– Sometimes the first preview performance can be more exciting than even an opening night. (If I get to the opening night of this one, I’ll let you know…) Especially with a revival of a popular title. I stood outside the Neil Simon Theatre last night until about 7:55 watching people gathering and entering the theatre. “I can’t wait.” “I’m so excited.” “This is supposed to be so good!” Those were some of the things I overheard being said by the excited theatregoers as they had their tickets scanned. The energy in the house was so palpable you could practically touch it.
– The house lights went down and the audience erupted into applause. We listened to the simple pre-show announcement. At that point the house lights came down entirely as the curtain rose on the entire company posed and poised on three tiers of Derek McLane’s set. The audience reaction was so intense that the show was stopped before it could even begin. After about 20 or 30 seconds, the actor playing Edgar stepped downstage and we were off.
– The opening number of Ragtime is one of the best ever written. It’s a mastery of musical theatre writing: establishing every major character without becoming lumbering, establishing the time and place as well as tone, and culminating in one of the most thrilling finishes known to man. All those high B naturals! Truly stunning, and its staging by director-choreographer Marcia Milgrom Dodge is a triumph.
– It’s the very first preview so I’m not going to go into performance analysis or comparisons with original cast members. I will say that the cast is superlative. As actors, as singers and as dancers. Superlative. I also think Christiane Noll is guaranteed a Tony nomination. That is all.
– A good number of the actors were making their Broadway debuts last evening. Among them were Donna Migliaccio as Emma Goldman, Quentin Earl Darrington as Coalhouse Walker, Jr. and Stephanie Umoh as Sarah. I do expect at least one or two to be considered for the Theatre World Award.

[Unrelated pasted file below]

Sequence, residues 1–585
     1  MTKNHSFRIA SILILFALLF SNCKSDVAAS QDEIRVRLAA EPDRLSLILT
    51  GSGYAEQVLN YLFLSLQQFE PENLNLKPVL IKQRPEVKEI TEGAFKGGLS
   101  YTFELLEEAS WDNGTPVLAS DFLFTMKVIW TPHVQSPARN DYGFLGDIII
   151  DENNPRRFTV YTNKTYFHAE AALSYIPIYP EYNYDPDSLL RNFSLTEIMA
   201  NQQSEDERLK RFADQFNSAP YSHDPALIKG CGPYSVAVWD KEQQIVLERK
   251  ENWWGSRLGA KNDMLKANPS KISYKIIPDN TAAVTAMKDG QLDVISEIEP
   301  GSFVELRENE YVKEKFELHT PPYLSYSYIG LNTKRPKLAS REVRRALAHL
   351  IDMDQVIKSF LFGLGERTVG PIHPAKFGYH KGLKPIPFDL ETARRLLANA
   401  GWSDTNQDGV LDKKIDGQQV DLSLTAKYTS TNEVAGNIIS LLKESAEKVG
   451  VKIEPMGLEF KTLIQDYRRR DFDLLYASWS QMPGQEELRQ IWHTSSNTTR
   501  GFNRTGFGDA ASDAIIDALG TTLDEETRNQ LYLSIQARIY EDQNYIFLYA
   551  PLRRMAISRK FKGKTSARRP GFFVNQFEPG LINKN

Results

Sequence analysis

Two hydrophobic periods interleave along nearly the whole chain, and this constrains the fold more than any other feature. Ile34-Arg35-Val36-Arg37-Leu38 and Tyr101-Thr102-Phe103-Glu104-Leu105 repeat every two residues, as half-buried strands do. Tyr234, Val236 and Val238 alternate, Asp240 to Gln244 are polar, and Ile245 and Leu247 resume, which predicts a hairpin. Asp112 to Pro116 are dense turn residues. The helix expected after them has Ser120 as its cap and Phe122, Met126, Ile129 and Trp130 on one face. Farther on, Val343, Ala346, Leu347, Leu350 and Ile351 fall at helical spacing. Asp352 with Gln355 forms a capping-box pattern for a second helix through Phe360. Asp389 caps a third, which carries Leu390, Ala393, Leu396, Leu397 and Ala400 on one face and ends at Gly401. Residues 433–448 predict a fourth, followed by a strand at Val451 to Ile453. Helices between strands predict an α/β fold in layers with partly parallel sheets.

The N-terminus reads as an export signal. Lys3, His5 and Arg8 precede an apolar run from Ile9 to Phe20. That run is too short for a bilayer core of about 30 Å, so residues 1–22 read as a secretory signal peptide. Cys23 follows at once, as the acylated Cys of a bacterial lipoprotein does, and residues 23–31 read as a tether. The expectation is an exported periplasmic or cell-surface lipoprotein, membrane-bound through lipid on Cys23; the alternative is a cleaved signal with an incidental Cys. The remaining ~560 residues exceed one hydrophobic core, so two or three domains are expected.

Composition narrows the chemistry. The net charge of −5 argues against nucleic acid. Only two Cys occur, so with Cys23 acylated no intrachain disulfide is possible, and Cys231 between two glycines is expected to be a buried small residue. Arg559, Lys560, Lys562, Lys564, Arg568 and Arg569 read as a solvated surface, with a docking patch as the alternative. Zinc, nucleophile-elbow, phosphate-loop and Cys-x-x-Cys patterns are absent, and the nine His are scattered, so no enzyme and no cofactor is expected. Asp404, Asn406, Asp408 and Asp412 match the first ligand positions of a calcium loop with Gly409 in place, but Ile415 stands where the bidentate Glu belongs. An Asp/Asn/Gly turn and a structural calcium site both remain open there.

– Again, first preview and all: there were a few technical glitches with the lighting but nothing outrageous or distracting. However, it did seem like some numbers were missing verses. I couldn’t tell if it was editing or slip-ups, but not knowing was a minor distraction. The score to Ragtime remains one of the most elegant and stirring of the past twenty years.
– At the show’s finale, the audience was one giant weepy mess. The actors hold out the final note of “Wheels of a Dream.” In that instant between the note and the fall of the show curtain, the last thing seen by the cast onstage is the audience rising from their seats in an instant standing ovation – and not one of those where someone starts and people follow. This was genuine, heart-felt and wholly deserved.
– Rob Petkoff delivered the best save of the evening as the show curtain came down after the curtain calls.
– How lovely to hear a full orchestra essaying original orchestrations. When musical director James Moore finished conducting the exit music, the audience burst into applause that was just as vociferous as it had been for the cast onstage.
– I want to go back. And how.